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Power Mac G4 Cube

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At a Glance
  • Apple Power Mac G4 Cube

If you agree with the following three statements, the Power Mac G4 Cube is right for you: I don't need to add PCI cards to my Mac. I'm more concerned with a computer's ease of setup and its size than getting the maximum available G4 performance. I'm willing to pay a premium for a computer with a lot of style.

Entry-level users had to agree with these three statements before buying an iMac--and more than 3.7 million did. Now Apple is posing the same questions to its mainstream customers regarding the Power Mac G4 Cube, which offers a G4's processing power and an iMac's ease of setup and distinctive style--though it does so at a premium price.

Let's just get this out of the way right up front: the Cube is a work of art. It's as if previous Mac designs were merely tests, prototypes that honed the skills of Apple's industrial design engineers. And when those skills reached razor sharpness, designers turned their skills on the product they wanted to craft all along: the Cube.

The Cube bears only a passing resemblance to a piece of technology, much less a computer. If not for the thermal vent cut into the top, it would give no clue as to its true nature. It is a thing of beauty.

But you pay a price for this pearlescent machine, and I'm not just talking about the price tag. Gone are most of the compromises that computers make for functionality: all the ports are hidden underneath, giving the Cube a completely smooth surface but making ports difficult to access and cable management a challenge. Cube users with USB devices they plug in and unplug frequently may want to invest in a USB hub; those with FireWire devices may need to leave a loose cable dangling in back.

If you do turn the Cube upside down to get at the ports, be sure to shut it down and then unplug it. The Cube has no fan; it uses that single vent in the top to dissipate heat. And even though the Cube will turn itself off before overheating, the new touch-sensitive power switch on the top of the unit might turn the computer back on while it's upside down if it's still plugged in. Better safe than sorry.

Which brings us to the most questionable part of the Cube's design: the thermal vent. I had to make an effort not to put stuff on top of my Cube, and I didn't always succeed. And while blocking the vent will only cause the unit to go to sleep, that can be annoying.

With a computer this pretty, you're going to want it on your desktop for all to see, not to mention for easy access to the DVD-ROM drive. That's good, because Apple hasn't made it easy for you to plop the Cube under your desk--the keyboard attaches with a short USB cable. Worse, the Cube's speakers have short cables. It's just 26 inches from the headphone jack to each of the clear, spherical speaker cases--hardly enough to get decent stereo separation.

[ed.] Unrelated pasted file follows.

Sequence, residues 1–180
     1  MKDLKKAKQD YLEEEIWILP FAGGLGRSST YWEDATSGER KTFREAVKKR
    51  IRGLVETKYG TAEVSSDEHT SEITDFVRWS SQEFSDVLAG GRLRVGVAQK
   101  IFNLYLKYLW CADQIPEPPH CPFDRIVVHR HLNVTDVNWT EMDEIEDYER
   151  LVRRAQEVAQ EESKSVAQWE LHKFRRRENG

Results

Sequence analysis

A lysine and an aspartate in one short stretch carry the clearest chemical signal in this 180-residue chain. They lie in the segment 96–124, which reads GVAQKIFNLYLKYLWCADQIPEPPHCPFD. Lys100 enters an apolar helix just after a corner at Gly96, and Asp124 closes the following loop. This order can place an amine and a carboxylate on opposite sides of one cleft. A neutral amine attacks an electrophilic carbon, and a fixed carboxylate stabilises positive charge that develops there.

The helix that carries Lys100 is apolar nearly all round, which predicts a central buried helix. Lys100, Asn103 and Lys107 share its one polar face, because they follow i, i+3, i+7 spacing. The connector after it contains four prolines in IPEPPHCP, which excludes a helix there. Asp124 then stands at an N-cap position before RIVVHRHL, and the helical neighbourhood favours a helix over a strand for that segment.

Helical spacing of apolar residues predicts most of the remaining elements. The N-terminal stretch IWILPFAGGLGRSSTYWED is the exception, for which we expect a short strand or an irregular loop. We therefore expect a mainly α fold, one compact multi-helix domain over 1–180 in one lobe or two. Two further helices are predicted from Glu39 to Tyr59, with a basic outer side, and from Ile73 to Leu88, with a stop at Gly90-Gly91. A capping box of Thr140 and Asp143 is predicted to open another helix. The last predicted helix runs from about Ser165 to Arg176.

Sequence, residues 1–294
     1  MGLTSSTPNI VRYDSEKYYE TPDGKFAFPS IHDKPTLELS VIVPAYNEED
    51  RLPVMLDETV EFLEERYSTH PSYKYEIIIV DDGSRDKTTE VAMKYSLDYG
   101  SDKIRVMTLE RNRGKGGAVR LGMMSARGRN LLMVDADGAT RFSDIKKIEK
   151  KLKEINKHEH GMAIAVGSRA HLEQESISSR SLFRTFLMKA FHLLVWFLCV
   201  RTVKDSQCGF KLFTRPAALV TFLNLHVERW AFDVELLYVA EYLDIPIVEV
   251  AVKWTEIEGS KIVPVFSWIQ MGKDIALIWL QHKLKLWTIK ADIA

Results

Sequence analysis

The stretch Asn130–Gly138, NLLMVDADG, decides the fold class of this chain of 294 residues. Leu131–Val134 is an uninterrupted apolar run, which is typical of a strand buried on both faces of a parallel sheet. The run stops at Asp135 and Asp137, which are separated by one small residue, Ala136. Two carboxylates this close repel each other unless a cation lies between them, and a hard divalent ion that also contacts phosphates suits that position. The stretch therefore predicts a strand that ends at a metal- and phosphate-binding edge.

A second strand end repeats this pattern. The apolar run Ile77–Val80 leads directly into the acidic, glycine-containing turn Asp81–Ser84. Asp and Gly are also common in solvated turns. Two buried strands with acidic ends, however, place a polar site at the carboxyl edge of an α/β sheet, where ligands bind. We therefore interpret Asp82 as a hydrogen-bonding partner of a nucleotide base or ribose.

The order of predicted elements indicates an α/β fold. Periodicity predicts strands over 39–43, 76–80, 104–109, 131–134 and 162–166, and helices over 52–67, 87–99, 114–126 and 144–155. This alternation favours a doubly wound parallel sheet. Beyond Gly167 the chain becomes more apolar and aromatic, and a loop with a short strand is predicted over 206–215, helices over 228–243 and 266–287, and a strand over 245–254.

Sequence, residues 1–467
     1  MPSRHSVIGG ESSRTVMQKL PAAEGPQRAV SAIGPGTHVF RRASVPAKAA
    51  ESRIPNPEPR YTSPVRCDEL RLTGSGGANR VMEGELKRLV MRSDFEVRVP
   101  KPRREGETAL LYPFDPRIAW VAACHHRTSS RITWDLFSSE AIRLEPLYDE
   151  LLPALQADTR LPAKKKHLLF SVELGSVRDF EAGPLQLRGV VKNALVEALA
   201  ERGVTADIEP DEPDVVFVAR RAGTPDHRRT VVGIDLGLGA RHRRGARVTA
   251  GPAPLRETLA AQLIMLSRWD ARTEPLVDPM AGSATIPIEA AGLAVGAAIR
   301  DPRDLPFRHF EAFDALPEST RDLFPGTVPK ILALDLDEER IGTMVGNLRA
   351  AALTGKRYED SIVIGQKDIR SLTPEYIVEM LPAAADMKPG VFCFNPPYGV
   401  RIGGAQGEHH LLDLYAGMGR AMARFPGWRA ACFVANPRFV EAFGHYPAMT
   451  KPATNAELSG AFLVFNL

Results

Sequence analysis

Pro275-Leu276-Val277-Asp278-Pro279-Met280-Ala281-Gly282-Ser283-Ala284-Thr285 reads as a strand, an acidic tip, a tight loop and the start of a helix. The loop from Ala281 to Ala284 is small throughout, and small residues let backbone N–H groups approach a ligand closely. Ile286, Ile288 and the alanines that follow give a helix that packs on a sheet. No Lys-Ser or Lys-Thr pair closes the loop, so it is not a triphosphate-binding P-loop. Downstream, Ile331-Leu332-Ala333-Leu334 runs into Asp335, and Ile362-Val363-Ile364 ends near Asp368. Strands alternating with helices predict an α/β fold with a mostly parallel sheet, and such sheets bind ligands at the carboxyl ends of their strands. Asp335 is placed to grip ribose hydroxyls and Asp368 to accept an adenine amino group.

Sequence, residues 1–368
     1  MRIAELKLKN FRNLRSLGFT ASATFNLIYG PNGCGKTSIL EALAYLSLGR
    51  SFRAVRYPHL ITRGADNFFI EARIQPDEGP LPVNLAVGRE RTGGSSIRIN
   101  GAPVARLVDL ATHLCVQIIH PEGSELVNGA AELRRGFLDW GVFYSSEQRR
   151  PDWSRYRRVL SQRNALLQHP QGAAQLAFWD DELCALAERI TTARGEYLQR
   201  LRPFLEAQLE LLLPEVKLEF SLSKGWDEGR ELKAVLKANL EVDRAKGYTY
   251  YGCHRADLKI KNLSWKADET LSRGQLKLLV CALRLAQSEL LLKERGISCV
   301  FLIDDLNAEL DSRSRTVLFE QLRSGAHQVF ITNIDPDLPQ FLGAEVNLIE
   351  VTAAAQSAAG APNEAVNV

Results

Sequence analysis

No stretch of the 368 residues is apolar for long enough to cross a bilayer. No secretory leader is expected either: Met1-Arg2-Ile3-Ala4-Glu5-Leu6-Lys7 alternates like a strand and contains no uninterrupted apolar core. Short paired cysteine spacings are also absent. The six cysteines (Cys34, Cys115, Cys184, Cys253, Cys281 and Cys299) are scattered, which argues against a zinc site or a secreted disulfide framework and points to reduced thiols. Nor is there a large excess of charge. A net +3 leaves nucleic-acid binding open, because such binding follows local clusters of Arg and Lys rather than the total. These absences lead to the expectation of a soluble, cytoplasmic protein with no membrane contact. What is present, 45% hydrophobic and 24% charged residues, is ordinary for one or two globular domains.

Assuming you can get enough separation between the speakers, the clarity and depth of the sound these two tiny globes produce will amaze you. Even without a subwoofer, they sound wonderful. Match them with Apple's 22-inch flat-panel monitor, the Cinema Display, and you've got a front-row seat at the world's best personal, purely digital home theater.

That's because the Cube is the first totally digital computer. The only analog circuitry in the whole machine is the headphone port and a single VGA port for connecting any monitor not blessed with the new all-in-one Apple Display Connector (ADC), which carries digital video, USB, and power in one fat cable. Once you see the Cinema Display teamed with the Cube's ADC and digital speakers, you'll never go back to analog. Never mind that forgoing on-board analog circuitry necessitated adding the biggest power brick Apple has ever shipped--you knew something had to go to fit so much computer inside a 7-inch-square plastic box.

Speaking of which, after years of building hard-to-open computers, Apple has embarked on a crusade to make Macs the industry's most easily opened machines. The company has reached a new milestone with the Cube. Turn it over (unplug it first) and lift up the recessed handle, and out pops the whole computer, with all the slots and replaceable components clustered around the outside.

Once you have the Cube's innards out, don't be disappointed when all you find are a couple of RAM slots, an AirPort slot, and an AGP 2[infinity] slot with an ATI Rage 128 card already installed. This is the iMac of G4s; the tiny case has no space for PCI slots.

However, you do get a 450MHz G4 processor and a 20GB hard drive. A 5,400-rpm drive is standard for all Apple computers that ship with 20GB drives--replacing the 7,200-rpm drive the company used in previous G4 models--and the slowdown is noticeable. You can also upgrade to a 500MHz processor or augment the 64MB of RAM that ships with the Cube--a necessity if you plan to run more than one application at a time.

Even with only 64MB of RAM, the Cube is the stablest Mac I've seen in years. I squeezed as much as I could into that 64MB and proceeded to do things that would have choked an older G4 tower. The Cube I tested was rock solid.

At a Glance
  • Pros

    • Innovative design
    • Easy to set up and upgrade
    • Very stable
    • Tiny footprint
    • Great speakers and digital display technology


    • Skimpy RAM
    • Difficult cable management
    • Poorly designed power switch
    • Expensive
    • No PCI slots
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